Adam P, Luke N, Tom H, Mark R
4th May 2014
So... A good dig as it turns out!
Somehow, between Thursday evening and Sunday Adam had managed to swap his wellies for an odd pair of two left wellies so the rest of us went down the hole whilst he drove down to Hitch and hike in his furry suit for some new boots. I don't think this is the first time Adam has had to make a last minute dash to a caving shop in his furry.
Eventually, the four of us arranged ourselves at the dig in a chain along Badger rift and began passing rock from the undercut and choke back to a point where we had stacking space. We had taken a load of double clips down with us and ferried quite a lot of singles from the top of Gin shaft. As we pulled rock out from the undercut at Bad Badger Choke we inserted scaffolding as we went making it 'safe'. I managed to get in and have a look up, proclaiming it totally stupid and suicidal to go any further. The choke at this point was really open and before too long there was enough space to get in there and progress the scaffolding forwards, at which point it began to feel slightly more comfortable. Unfortunately it isn't beautiful scaffolding by any stretch of the imagination with not a right angle in sight. Every piece is inserted to hold in a specific boulder or to support a piece that does, but the result is what looks like a bit of a random assortment of poles.
After a few hours we had enough scaffolding in place to try to remove the two big rocks that were blocking the way on from the other day. Miraculously these came out with relative ease and before we knew it we had a hole in front of us large enough to get through. On the other side we could see at least 10m into a wide open space beyond and hear the sound of loud water. With a little bit more clearing we had just about formed a hole through the choke which, with someone watching my feet and back, I gingerly crawled through.
On the other side of the hole the choke continues above your head but it is open. There are some very big boulders perched in the roof. It's not a pleasant sight at all and some serious work is required to sort this section out.
Once through however, things got better. We climbed carefully down a rubble slope for several metres to the head of a pitch with a waterfall flowing over it, this was the water flowing out from badger rift. The walls up to this point are solid and water worn and the floor although bouldery is clean washed. The water and the void at the base of the slope has obviously kept this choke open over the years. The water falls down a shaft about 4m x 6m to a ledge 8m or so below. With great excitement we rigged our 20m rope at the head of the pitch and I descended to the ledge. I walked to the edge and peered over into the continuation of the shaft falling away perhaps another 25m below. How annoying to find ourselves short of rope!!
The shaft is a washed out vein cavity of sizeable dimensions and with nice solid walls. I could just about make out an oval floor far below covered in rocks and with standing water covering it. This isn't great news as it could indicate the start of a flooded section of passage or it could just be a rock filled plunge pool. The only way to know for sure is to return with a longer rope and carry on where we left off. That's a job for Tuesday night.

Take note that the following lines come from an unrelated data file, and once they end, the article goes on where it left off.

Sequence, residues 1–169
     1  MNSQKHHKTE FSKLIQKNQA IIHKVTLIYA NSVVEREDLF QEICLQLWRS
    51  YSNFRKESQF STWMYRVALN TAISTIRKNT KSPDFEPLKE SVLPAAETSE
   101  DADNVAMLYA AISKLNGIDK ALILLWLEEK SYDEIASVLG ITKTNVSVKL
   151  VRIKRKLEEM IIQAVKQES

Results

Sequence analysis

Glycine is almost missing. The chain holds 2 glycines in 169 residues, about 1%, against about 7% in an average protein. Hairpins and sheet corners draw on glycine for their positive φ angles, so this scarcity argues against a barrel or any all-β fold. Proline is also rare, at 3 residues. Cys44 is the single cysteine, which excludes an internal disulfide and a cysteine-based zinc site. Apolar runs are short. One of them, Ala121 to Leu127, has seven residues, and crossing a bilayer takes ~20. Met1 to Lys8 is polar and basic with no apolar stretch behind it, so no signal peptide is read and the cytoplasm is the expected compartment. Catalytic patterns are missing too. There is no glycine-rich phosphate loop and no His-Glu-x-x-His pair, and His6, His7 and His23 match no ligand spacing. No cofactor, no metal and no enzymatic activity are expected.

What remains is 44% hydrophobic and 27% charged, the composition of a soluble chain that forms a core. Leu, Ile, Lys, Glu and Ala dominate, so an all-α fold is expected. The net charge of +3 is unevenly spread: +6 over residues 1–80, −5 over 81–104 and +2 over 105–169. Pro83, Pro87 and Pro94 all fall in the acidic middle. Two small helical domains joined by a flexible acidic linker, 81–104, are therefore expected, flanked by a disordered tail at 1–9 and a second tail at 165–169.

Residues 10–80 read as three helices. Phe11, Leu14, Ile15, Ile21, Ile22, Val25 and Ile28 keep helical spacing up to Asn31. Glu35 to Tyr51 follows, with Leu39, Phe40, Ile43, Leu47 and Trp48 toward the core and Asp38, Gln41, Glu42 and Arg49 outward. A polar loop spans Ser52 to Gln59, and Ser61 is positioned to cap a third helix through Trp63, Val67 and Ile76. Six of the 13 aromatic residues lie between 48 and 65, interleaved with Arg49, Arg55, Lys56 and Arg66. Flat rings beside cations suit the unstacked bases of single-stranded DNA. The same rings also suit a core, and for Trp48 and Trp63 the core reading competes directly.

As soon as we know what is down there we will be starting work on the choke that it currently feels like we are creeping through on borrowed time. This will need a good dozen or so 5ft lengths of scaffolding, some wind down legs and 20 or so scaffold clips just to start making it feel ok.
As with before we have reported the new find and would ask that people respect our hard work and allow us time to fully explore the new shaft (Two Left Wellies). We are back on Tuesday night with a disto and some more rope and bolting gear to see what lies beneath... Let's hope it hasn't all collapsed- Watch this space!
On the way out we arrived at the base of the main shaft to find a tackle bag belonging to a lady who had met us earlier in the day on a solo trip down Rowter. We thought it strange that she was still down there as it was quite a while since we last saw her. Luke happened to mention that he had heard someone in one of the small side passages on his way back out so I went down to ask her not to go kicking about in bad Badger Choke on her own. As I approached I called hello and heard a voice in return. I asked if she was ok and the answer was "no, I'm a bit stuck".
I shouted back up to the others for a hand and went to find the lady hanging in her harness about a foot off the floor from a tatty old piece of hand line that runs up into a roof cavity in an obscure little chamber. What was most odd about this was that she had somehow managed to clove hitch herself to the handline direct to a krab on her D-ring!
She managed to step up into a loop in the rope and I untied the knot to allow her to drop to the ground. She was unharmed but I don't know how long she was hanging there for. We were greeted at the surface by 4 cave rescue people with another four at the car park, she had passed her call out and they had arrived to come and find her.
Earlier in the day this lady had also done something else which could very very easily have resulted in serious injury, one of the other guys fortunately managed to stop her before she did any damage to herself.
I'm all for allowing everyone the freedom to cave as and how they wish but I do think that solo caving is a frankly dangerous and irresponsible thing to do even for those who can be considered proficient in SRT. I have done it once or twice in the past (and didn't enjoy it) and certainly didn't feel comfortable.
I hope that this lady, if she reads this will put a stop to her solo caving activities which more than once have put others at risk and inconvenienced many more. It's not fair and it's not necessary. Someone, probably her is going to get seriously hurt.